A team of researchers from China and the Netherlands have found evidence that wealthier people feel more entitled to fairness and thus are more likely to reject unfair offers.
Their findings were published July in the Journal of Experimental Social Psychology.
The researchers conducted three experiments using the ultimatum game, in which one player proposes a division of money that the other player can either accept or reject. The simple task is often used to observe how people respond to unfair monetary offers.
In this case, the player making the ultimatum took 8 yuan and offered the participant only 2 yuan. The three experiments included 988 Chinese participants in total.
The researchers found that participants with higher family incomes were more likely to reject the unfair offer. They also found that artificially inflating a participant’s wealth by giving them a small sum of money made them more likely to reject the unfair offer.
Even when the researchers had participants play a version of the game where they were told they would still receive 2 yuan if they rejected the offer, the wealthy were more likely to reject the unfair offer.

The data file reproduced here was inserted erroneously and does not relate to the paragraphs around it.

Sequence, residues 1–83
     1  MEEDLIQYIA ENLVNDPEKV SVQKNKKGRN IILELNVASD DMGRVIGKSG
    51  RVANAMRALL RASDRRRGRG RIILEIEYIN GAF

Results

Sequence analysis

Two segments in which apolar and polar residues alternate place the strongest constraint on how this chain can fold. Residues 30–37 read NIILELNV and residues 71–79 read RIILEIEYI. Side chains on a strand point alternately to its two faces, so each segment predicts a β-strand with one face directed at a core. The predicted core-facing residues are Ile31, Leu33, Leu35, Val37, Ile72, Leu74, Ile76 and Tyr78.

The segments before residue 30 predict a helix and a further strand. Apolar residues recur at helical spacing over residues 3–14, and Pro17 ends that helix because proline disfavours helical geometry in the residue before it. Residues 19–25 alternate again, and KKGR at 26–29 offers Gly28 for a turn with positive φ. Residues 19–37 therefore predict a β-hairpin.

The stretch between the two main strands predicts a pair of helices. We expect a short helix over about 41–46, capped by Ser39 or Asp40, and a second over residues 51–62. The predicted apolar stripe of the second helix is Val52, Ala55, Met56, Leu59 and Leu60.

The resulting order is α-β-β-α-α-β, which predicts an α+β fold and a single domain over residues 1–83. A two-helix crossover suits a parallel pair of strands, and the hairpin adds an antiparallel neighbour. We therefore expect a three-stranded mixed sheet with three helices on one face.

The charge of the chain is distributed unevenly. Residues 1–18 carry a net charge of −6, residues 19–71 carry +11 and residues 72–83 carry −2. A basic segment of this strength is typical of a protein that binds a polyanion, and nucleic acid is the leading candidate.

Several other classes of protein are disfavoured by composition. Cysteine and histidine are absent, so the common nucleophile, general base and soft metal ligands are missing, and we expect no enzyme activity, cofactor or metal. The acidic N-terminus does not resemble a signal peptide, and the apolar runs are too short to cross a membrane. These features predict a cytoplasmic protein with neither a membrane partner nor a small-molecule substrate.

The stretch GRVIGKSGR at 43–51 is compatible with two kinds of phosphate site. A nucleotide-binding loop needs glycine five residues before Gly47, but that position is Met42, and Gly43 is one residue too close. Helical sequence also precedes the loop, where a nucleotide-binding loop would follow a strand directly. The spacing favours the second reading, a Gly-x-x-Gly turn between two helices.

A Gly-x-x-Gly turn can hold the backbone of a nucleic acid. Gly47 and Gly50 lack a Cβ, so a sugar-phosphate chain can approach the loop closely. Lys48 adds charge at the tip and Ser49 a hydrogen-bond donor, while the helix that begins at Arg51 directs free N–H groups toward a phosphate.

A survey revealed that wealthier participants were more likely to agree with statements such as “I feel entitled to receive better outcomes than others” and this predicted their rejection of the unfair offers. But they were not more likely to agree with statements such as “I feel responsible to enforce fairness norms by rejecting a small amount offered by the Proposer.”
“Taken together, the present research reinforces the possibility that people in a rapidly changing society find it exceptionally easy to justify their relative wealth that even occurs by mere chance,” the researchers concluded. “This readiness to justify income differences, along perhaps with some tendencies among the less fortunate to accept such differences, might help explain why income inequality exists and continues to persist in many societies.”